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CAESAR II MAX Combination LoadCase .pdf


Original filename: CAESAR II_MAX_Combination_LoadCase.pdf
Author: Strikovski, Nadia

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Differences between MAX Combination Load Case and the Maximum
Value Reported by the Restraint Summary (or Code Compliance)
Report.
Intergraph CAS
Nadia Strikovski

There is often a misunderstanding of the way CAESAR II calculates or combines the loads/stresses for
the MAX combination load case and the values reported on the “max” line of the Restraint Summary
report.

Restraints
The “Maximum combination” load case selects the maximum load on each of the modeled restraints
from all the selected load cases. If there is more than one restraint defined at a node (e.g., on the same
node there could be 2 restraint types: rigid Y w/friction, and rigid Z w/friction), then each restraint type
is calculated and evaluated individually. CAESAR II considers each restraint component/type separately
and picks the highest load among them, as well as from all the specified component load cases. Thus,
the “Restraints” report for “max combination” case would have largest magnitude loads (saving the
sign) for different restraint types from all specified load components at a node. For example, at some
node the max load FX=-11kN that came from L3 for Y-restraint (friction component) and FX=3.5kN that
came from L1 for Z-restraint (friction component).
If you then use the “Restraint Summary” report for that same “max combination” load case, the loads
from different restraint types for each degree of freedom simply sum together at the same node,
whether they occur on the same restraint type or not, and whether they belong to the same load case
or not. The “Maximum combination” load case does not keep track of where its loads came from. Thus,
the “combined” load from the above example would be FX=(-11kN+3.5kN)=-7.5kN.
On the other hand, the “MAX” line on the “Restraint Summary” report simply displays the “max” value
from all the lines shown in this particular report; again, it does not discriminate against the load case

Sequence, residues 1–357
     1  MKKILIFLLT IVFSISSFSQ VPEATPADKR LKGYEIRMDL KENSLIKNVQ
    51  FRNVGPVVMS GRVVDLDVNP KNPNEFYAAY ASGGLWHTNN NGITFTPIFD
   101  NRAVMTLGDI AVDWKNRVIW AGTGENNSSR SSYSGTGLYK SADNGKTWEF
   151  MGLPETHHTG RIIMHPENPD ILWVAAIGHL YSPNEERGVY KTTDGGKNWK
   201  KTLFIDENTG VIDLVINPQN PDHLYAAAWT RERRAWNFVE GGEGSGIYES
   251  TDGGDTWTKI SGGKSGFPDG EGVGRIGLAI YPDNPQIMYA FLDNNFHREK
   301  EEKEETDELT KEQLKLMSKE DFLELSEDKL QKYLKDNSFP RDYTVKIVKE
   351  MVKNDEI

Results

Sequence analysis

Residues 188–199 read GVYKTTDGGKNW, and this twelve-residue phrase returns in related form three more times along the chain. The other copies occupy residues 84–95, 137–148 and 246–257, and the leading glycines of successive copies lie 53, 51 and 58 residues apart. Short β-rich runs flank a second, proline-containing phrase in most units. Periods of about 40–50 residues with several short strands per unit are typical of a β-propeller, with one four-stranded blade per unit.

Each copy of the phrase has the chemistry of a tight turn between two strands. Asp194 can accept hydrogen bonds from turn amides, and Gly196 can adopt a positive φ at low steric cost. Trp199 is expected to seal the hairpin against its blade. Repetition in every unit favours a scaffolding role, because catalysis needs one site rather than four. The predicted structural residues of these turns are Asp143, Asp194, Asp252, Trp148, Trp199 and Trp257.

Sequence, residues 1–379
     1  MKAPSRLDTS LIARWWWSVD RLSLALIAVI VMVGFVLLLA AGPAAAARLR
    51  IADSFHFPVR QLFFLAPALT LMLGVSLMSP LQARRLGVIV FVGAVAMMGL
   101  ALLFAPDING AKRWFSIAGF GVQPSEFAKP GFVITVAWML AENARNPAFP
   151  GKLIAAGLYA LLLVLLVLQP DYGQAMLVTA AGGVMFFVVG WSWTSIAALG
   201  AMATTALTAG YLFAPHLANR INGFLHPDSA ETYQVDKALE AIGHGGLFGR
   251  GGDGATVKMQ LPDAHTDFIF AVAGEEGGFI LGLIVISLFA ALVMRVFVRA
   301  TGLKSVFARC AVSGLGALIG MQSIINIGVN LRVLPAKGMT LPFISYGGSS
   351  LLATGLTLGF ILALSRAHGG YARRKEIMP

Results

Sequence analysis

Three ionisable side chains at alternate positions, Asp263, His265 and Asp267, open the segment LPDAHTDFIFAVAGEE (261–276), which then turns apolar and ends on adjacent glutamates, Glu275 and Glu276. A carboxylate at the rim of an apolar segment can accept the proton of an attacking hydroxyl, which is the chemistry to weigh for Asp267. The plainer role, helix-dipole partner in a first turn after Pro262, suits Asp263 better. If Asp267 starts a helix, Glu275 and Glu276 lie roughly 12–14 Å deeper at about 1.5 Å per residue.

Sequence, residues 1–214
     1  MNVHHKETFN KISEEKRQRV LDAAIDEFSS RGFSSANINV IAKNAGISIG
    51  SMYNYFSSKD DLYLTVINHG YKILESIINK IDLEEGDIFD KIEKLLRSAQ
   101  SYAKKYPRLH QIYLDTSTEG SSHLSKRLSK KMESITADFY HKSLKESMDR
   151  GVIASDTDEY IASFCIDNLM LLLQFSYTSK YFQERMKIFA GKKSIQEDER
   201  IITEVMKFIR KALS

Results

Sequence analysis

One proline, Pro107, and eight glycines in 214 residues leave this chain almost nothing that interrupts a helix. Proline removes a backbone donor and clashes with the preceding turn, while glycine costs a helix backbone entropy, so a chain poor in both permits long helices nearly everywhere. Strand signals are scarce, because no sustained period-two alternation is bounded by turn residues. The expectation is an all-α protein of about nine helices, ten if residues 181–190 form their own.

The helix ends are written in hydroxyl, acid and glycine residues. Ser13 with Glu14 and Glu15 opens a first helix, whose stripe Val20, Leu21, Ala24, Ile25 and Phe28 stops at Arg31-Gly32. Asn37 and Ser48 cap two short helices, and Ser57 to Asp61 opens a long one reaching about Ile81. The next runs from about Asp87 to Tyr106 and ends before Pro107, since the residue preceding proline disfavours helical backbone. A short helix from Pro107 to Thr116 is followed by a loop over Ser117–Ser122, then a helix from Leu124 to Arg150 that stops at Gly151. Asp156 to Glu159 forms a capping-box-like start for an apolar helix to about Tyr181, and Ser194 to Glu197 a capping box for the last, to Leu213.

types or types of loads. So for the above example, the value would be 11kN.
Therefore we suggest the use of the “Restraints” report instead of the “Restraint Summary” report for
combination methods such as max/min if you have more than one type of restraint at a single node.
If you want to make sure that loads of opposite sign don’t cancel each other on the “Restraint
Summary” report, you should run the load case using the “SignMax” summation convention, and
possibly add a second load case using the “SignMin” convention to cover the range.

Stresses
This is the way the software and this feature is designed to work: the “max” combination just lists the
maximum value from included load cases for all calculated fields; it does not consider which load case or
stress type the reported value came from. So, for the “code stresses” it picks the maximum code stress
for the node from all selected load cases, and for “allowables” it picks the max allowable; and it is very
possible that these values will not be correlated. This is especially prominent when using “MAX
combination” on different types of stresses (such as SUS and EXP) or for the offshore piping codes where
three stresses are calculated and only the worst case stress and allowable are reported per node.
The “percent” is not a stored value; it is calculated on the fly.
The user documentation states that “MAX would typically be used to report the greatest restraint loads
among a selected set of load cases”. While this combination method can be applied to any load case/
field, it does not really make much sense for stresses. Different load cases (stress types) have different
calculation formulas for stresses, different failure criteria; and the report does not list the load case
where the max value came from. It’s similar to checking displacements for EXP case – each load case
and any results require a human “validity” check.


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